But if you’re a purely fundamental investor or trader, there are no hard and fast rules to know when you’re wrong. If you bought a stock on a fundamental view and you’ve lost 30% after a year of holding the stock are you wrong? If not, then when are you wrong?
What percentage of the stock’s price should you risk on a fundamental view? 20, 30, 60, 100%?
With a technical approach it’s much easier to create rules that let will let you know very quickly if you’re wrong. And the best thing is, you can make the rules concrete so you’re not left in no man’s land wondering whether to hold on or sell.
Trading is Mental
If you’ve done any trading in the past then I’m sure you understand just how mentally draining it can be. The more clinical and defined your trading rules are, the lower the chances are that you’ll have to make big decisions under pressure.
Because the fact is that when you’re forced to make important decisions under pressure in trading, you may end up making the wrong decision…such as holding losers or taking profits too early on winners.
Therefore using a technical approach in trading can inform the decision making process and lower stress levels when you stick to clearly defined rules.
So, that’s the theory, but how does it work in practice? Let me give you an example…
Here’s a rundown of the current state of the markets and how I see things panning out over the coming weeks.
S+P 500 Daily Chart
If possible you should click on the chart above so it opens as a larger image. That way you can follow along with my reasoning.
You should know that the European Central Bank (ECB) and the US Fed have recently embarked on the ‘kitchen sink’ strategy. That is, they’re throwing everything at their economies to try and get them moving. That includes printing an unlimited amount of money for as long as both central banks believe necessary.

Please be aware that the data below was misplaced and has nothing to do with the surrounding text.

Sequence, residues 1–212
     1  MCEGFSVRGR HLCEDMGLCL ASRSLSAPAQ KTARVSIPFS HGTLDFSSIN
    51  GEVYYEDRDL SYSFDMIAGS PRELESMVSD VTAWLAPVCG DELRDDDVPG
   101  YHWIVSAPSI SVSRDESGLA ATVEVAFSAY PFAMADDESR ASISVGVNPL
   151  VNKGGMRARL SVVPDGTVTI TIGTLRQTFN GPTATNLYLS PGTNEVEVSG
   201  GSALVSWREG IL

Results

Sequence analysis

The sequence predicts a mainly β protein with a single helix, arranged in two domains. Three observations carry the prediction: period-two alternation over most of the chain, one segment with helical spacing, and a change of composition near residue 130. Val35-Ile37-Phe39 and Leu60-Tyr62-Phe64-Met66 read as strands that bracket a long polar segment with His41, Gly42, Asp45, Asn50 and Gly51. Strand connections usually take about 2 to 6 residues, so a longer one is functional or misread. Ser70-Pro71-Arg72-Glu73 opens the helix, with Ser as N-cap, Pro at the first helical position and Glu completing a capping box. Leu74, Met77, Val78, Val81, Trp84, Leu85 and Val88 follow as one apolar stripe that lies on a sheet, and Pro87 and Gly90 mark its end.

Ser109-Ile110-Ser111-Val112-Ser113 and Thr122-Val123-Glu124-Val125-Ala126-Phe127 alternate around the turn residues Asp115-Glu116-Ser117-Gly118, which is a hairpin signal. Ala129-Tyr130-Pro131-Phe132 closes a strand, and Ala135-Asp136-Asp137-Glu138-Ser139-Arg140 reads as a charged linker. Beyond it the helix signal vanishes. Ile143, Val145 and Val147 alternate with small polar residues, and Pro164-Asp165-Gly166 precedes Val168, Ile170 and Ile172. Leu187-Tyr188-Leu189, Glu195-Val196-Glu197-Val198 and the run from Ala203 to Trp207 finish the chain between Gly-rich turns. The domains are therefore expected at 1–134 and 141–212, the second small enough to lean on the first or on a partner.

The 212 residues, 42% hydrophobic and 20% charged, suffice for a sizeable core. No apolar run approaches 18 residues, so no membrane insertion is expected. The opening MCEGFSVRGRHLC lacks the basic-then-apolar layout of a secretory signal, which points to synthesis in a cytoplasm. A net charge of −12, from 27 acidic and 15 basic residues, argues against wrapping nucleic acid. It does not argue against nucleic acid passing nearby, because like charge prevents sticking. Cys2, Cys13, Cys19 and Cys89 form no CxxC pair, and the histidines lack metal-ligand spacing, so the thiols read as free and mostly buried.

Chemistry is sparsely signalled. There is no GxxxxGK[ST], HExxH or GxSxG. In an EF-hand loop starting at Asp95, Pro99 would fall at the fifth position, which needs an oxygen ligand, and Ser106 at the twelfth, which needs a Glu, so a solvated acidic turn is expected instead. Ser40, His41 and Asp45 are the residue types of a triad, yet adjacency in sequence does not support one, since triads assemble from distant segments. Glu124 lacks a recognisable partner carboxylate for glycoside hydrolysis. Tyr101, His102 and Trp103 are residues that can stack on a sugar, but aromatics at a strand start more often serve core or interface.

As you can see on the chart, it’s quite clear that QE1, QE2, Operation Twist and the LTRO facility in Europe (all forms of money printing) managed to inspire strong rallies over the last few years. If they’re going to keep expanding their balance sheets into the future then it’s reasonable to think that equity markets could keep rallying purely on the back of money printing.
But the fundamental picture is currently saying the exact opposite.
80% of the world’s manufacturing is currently in contraction. China, Europe and the US are all slowing to the point where some say that Europe and the US are already in or close to a recession.
But the market is fixated on the view that the worse things get the more money will be printed, and that will be good for stocks. In short: good news is good news but bad news is better!
This disconnection between economic fundamentals and market pricing based on central bank intervention creates a very high risk brew. If you’re going to buy the stock market due to the money printing you had better make sure your timing is right.
Now look at the S+P 500 chart again. You’ll see that over the past couple of years every time the stock market has broken out to new highs after a correction we’ve seen a short sharp rally, which has ultimately proven to be the high of the move.